"Sharing can be a way of healing. Grief and loss can isolate,
anger even alienate. Shared with others, emotions unite
as we see we aren't alone. We realize others weep with us."
~Susan Wittig Albert

Through our writing, we walk out of the darkness into the light
together, one small step at a time, recording history, educating
America, and we are healing.
~CJ/Todd Dierdorff

Saturday, June 18, 2011

Coming Home: Craig Latham

"And I'm proud to be an American,
where at least I know I'm free.
And I won't forget the men who died,
who gave that right to me." 
~Lee Greenwood

Coming Home
by Craig Latham
Craig Latham

I've never told many people about this, but when it came my time to ETS back to "The World", I sorta felt like I shouldn't leave Phu Bai ... there were new guys left in our old jobs that we mentored. One was a guy who was considerably older than any of us had been. I don't even know how he got there. He had no clue. But I did what I was suppose to do and I came home.

I went to Cam Rhan Bay. Our "Freedom Bird" came in and, just as it was landing, mortars started hitting the field. The plane touched down and kept right on going. They tried this four times and each time we were hit. This went on all day. I guessed there were elections going on and the "Little People" wanted to disrupt it. Finally the plane went somewhere else because it had to refuel. What started out at 0800 that day didn't end until 1700 that night.

When the mortars finally stopped, the plane landed. What usually took a couple of hours to unload and reload the plane, took approximately 45 minutes. As we were going in the front door, the "Cherries" were exiting the rear of the plane.  I got on the plane and got a window seat. I always liked looking out from the air. I guess that's why I used to like to fly over there whenever I could get a lift. Anyway, when we took off, we were over water. The plane was quieter than I thought it should have been for a bunch of guys who just spent the worst year of their life. I figured maybe they were like me and we just couldn't believe we survived.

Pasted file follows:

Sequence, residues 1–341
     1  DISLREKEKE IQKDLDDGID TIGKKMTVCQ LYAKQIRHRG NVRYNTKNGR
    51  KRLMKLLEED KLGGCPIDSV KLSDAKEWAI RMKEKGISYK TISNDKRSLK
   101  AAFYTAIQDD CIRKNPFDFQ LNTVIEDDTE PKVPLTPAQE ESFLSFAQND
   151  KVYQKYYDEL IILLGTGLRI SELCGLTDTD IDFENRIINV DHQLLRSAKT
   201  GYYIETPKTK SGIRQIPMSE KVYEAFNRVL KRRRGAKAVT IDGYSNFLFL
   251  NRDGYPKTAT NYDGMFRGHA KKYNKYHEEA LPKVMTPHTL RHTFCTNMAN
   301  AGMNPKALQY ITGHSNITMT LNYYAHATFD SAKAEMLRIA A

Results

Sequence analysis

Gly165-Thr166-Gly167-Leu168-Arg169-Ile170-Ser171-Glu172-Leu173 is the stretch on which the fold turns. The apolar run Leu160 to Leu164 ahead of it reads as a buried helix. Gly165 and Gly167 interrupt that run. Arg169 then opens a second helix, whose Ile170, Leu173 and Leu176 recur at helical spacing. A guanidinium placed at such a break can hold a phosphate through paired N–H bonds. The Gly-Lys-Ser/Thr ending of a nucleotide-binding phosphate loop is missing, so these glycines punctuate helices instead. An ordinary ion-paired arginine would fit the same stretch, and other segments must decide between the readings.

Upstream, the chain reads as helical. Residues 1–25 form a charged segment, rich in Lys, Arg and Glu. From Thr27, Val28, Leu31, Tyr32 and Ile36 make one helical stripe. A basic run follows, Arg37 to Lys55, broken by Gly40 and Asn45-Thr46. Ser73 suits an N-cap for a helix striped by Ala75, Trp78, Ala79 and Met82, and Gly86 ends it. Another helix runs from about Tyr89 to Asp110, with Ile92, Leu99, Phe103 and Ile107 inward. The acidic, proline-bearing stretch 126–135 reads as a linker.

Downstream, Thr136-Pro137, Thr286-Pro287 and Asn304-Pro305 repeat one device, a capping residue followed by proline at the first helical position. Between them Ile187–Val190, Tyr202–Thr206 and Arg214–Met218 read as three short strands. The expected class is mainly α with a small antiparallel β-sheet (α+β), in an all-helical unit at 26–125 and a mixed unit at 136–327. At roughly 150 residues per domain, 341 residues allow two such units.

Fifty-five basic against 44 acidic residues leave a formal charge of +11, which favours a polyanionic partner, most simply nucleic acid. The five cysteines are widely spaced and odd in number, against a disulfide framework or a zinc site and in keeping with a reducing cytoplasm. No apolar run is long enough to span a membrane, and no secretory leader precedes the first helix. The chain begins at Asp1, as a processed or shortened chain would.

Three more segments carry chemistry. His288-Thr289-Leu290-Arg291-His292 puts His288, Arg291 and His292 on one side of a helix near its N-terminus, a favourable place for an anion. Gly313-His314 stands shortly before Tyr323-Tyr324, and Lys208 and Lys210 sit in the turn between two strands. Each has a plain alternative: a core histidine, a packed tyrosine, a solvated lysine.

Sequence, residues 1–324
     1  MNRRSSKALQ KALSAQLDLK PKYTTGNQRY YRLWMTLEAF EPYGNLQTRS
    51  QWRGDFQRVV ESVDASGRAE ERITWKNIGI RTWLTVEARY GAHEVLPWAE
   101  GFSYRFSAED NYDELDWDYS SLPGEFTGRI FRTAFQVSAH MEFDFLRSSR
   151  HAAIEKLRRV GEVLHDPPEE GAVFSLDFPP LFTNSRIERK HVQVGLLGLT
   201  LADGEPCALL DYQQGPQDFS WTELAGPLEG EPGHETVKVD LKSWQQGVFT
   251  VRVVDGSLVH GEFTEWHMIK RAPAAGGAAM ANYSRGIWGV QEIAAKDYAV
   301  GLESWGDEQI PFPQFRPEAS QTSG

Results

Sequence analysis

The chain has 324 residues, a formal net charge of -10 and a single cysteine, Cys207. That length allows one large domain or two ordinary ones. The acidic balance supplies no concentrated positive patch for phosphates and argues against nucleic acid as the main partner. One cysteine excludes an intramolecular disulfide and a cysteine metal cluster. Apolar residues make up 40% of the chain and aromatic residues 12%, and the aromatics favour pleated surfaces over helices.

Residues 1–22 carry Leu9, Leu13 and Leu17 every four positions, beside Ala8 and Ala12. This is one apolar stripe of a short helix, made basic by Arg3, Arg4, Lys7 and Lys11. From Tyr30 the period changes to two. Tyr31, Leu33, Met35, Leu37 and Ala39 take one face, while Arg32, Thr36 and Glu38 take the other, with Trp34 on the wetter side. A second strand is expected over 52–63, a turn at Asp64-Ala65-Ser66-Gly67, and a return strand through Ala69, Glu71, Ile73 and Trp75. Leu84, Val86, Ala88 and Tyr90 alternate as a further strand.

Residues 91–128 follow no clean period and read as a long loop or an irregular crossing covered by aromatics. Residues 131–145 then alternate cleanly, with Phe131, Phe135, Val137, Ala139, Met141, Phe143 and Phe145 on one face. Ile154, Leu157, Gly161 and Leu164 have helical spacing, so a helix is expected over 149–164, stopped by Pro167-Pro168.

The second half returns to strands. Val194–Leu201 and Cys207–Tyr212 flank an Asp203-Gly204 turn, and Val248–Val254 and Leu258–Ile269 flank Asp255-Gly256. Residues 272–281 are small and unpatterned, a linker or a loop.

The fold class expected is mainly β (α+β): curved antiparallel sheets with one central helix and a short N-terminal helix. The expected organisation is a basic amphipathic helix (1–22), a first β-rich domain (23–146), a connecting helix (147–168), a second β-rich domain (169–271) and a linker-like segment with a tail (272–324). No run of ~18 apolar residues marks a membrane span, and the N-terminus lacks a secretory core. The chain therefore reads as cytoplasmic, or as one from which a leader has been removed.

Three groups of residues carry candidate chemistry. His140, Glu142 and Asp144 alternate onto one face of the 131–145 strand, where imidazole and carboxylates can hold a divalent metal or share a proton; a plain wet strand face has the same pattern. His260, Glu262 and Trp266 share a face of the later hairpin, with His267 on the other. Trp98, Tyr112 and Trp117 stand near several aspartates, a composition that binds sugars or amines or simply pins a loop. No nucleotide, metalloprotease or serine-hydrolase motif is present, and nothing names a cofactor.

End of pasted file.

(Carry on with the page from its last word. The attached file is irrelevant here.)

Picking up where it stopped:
Well, the guy in the middle, in the seat next to me (Mike, I forget his last name), started talking about getting home and going fishing. Now this Mike had worked in an HHC orderly room all year and probably never got outside the wire at Camp Hochmuth, let alone in Phu Bai. He started talking about fishing and how he used to love to fish in the ocean and how he caught big fish. Then he told me about catching sharks. Right then and there I figured the plane was gonna crash, and I would survive the crash only to be eaten by a big fish ... lol. I immediately got up, and traded my seat for an isle seat for the rest of the trip home.

The next time I looked out of the plane would be as we were crossing a beach in Washington State. I've only been on a plane three times since that time. One time, I was flying from Seattle to Columbus. Another time, I was flying from Columbus to my next duty station until I got out of the Army (I hitch hiked home from Ft. Riley). And the third time, to and from Albuquerque NM when I went out there for PTSD study.

Craig Latham
Combat Writer/Photographer
34th Public Information Detachment (34th PID)
2nd Brigade/101st Airborne Division (Ambl)
Phu Bai, S. Vietnam

**Thank you, Craig.  As always, it's an honor to post something you've written.
With a hug and a lot of respect,

“I am only one, but I am one. I can't do everything, but I can do something. The something I ought to do, I can do. And by the grace of God, I will.” ~Everett Hale

1 comment:

  1. Great Article! Thanks for sharing. I remember looking down on Seattle as we landed at Ft. Lewis. I remember thinking if the people down there knew how lucky they were. I wonder if the guys/gals coming home from Afghanistan/Iraq feel the same way?
    Richard Schwartz


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